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How was the feeling when you beat the three-point record?

Kyle Korver: It was cool... I think just beacuse the streak was talked about for such a long period of time, it kind of gave people a lot of time to hear about it. It kind of meant something to a lot of people... A lot of people were excited about it, I was definitely really happy to be done with it... It was a really cool night overall. There was a really good energy.

How were you feeling going into the game?

KK: I felt OK. I was pretty nervous the previous game, the one in which I was supposed to tie the record. That game took forever because you don't want to get that close and not get it. I was ready for it to happen, I'll say that.

When did you find about the Dana Barros record and that you were on course to possibly beating it?

KK: I didn't even know that this was a record for a long period of time. I think the Hawks' record was like in the 40s or something. I found about that and then I kind of heard about the rest of the list. I heard Barros' number was 89, so I said 'Wow, that's a really incredible number, I don't think there's any chance I'll ever get to that.' But I tried not to think about it too much. I took each game as its own game. My job is to go out there and knock down shots. I was just trying to do that well.

Have you spoken with Dana?

KK: I have not, I've never met him. You would think, in the social media day that we have today, that there would be some kind of connection but I've never spoken to him.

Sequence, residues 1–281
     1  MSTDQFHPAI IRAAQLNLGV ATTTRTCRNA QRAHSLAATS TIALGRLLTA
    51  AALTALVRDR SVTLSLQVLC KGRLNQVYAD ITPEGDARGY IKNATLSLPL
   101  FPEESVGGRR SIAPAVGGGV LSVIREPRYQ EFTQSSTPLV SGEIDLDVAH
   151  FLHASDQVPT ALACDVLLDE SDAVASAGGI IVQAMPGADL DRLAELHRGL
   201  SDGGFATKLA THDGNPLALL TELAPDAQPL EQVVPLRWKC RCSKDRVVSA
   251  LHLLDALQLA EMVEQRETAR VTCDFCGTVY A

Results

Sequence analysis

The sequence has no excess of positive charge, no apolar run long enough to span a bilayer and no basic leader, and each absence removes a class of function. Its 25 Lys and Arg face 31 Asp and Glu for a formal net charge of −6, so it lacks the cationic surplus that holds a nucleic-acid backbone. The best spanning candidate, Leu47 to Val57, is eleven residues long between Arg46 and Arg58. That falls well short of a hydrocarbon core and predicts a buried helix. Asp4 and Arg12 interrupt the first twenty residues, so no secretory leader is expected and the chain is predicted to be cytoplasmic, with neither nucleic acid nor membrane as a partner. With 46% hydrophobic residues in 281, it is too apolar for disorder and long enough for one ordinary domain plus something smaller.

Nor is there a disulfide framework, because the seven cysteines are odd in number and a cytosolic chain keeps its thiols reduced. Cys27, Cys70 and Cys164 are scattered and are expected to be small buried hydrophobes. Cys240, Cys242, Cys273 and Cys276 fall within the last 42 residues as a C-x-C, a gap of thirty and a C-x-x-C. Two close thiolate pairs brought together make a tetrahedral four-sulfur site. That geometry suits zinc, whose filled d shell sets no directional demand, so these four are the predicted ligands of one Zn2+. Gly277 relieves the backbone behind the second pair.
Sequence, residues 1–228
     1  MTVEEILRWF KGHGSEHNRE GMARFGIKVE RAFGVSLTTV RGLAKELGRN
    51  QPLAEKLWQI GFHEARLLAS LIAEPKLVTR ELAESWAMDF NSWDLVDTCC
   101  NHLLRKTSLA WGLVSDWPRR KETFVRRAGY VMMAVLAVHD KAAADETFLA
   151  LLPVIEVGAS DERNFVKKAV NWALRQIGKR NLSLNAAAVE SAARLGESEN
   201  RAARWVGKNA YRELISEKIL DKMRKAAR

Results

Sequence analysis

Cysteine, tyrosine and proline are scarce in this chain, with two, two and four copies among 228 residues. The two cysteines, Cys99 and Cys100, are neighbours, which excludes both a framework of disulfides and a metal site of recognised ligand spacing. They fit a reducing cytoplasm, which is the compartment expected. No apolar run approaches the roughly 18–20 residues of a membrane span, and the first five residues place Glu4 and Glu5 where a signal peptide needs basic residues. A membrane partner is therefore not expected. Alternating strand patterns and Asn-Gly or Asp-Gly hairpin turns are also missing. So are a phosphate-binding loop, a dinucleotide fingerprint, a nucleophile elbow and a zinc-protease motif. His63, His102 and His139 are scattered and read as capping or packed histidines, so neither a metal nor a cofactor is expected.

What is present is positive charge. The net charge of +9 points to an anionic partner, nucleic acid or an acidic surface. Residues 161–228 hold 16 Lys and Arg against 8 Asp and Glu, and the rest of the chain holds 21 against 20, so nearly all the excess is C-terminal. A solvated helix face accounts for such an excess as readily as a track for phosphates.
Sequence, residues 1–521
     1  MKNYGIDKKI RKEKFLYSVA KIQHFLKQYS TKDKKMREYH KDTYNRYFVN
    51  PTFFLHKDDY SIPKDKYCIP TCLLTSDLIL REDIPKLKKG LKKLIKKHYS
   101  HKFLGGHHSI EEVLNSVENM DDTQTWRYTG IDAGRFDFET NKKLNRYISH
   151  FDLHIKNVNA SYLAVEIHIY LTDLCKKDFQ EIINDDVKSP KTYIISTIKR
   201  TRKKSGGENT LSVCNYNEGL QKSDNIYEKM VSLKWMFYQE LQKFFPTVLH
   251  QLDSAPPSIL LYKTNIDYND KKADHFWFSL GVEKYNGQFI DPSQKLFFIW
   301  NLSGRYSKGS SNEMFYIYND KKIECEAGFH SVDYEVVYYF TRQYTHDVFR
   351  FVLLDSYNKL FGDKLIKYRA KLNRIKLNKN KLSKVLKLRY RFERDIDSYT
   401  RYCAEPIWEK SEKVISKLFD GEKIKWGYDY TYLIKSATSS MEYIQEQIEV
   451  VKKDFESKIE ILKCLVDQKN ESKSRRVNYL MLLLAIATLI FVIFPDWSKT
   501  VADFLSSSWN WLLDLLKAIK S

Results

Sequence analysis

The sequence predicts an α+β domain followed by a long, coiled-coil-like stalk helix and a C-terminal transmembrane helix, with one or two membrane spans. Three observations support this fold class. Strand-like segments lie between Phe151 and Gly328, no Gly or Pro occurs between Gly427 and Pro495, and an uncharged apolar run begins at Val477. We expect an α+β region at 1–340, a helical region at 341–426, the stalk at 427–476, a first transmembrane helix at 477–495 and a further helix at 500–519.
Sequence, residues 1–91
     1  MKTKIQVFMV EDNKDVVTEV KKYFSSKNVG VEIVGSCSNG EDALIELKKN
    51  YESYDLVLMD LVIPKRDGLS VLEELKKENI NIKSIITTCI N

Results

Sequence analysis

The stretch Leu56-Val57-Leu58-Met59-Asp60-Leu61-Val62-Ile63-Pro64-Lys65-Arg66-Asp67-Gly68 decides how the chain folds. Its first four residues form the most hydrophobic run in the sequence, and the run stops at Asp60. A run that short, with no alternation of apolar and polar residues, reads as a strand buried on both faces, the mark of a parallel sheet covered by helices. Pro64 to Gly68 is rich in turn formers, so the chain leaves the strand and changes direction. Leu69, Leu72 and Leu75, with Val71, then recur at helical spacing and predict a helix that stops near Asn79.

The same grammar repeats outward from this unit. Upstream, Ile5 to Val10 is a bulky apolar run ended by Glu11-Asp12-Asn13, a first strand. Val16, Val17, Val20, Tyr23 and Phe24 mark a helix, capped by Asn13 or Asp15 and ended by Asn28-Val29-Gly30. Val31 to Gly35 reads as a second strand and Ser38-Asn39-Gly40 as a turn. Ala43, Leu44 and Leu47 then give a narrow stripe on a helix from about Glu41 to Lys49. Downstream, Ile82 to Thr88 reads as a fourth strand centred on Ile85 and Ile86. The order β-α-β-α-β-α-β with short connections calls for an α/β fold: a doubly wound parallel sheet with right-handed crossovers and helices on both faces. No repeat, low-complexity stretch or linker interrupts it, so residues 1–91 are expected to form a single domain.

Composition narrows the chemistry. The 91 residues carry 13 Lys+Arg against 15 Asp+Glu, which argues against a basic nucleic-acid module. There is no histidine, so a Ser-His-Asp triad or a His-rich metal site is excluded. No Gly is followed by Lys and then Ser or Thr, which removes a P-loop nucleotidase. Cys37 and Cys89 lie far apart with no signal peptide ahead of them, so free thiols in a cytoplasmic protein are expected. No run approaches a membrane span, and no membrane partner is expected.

The season is going pretty well for you. You're getting career-high minutes, career-high shooting percentages... Why do you think you are to such a hot start of the season?

KK: There's a lot of things. It's the best I've felt in quite a few years. My body feels good. The system that we run, I'm a good fit for it. We play good team basketball maybe because we don't have a superstar. But we have very good players and the ball really moves around.

You mentioned your body feels pretty good right now, and the numbers seem to support that. I was looking at the player tracking tools on NBA.com, and checked distance traveled per game... The Top 40 are all twenty-something players, and the only one who is thirty-something is you. Were you aware of that?

KK: Well, I wasn't aware of that. This is kind of the way I've always played. At the very beginning of the game, the guy who's guarding me is probably faster than me, but if I just keep on running, keep on running, eventually he's going to get tired, then I'm going to be faster [laughs]. I don't like to stand still. I've always liked moving and running around the court. That's kind of the way I'm wired up, I guess.

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Are you kind of a fitness fanatic?

KK: Yes, especially as you get older you have to start paying attention to these things. Learn the importance about nutrition, diet, rest, activating certain muscles. The earlier you learn about these things in your career, the longer you're going to be able to play. I know that if I want to keep on playing in the NBA for a bunch more years, I'm going to have to do this. 

The last couple of years you have been starting for the most part, but earlier in your career you were coming off the bench... How has been that change for you?

KK: I think it's just the team, and the opportunity. We had pretty good teams in Chicago, the same in Utah... I've always prided myself in playing in the fourth quarter, it's just a little different now that I play more in the first quarter too. It's been a bit of an adjustment, but I've never made a big deal about starting or not starting, and now it's the same. I just want to play.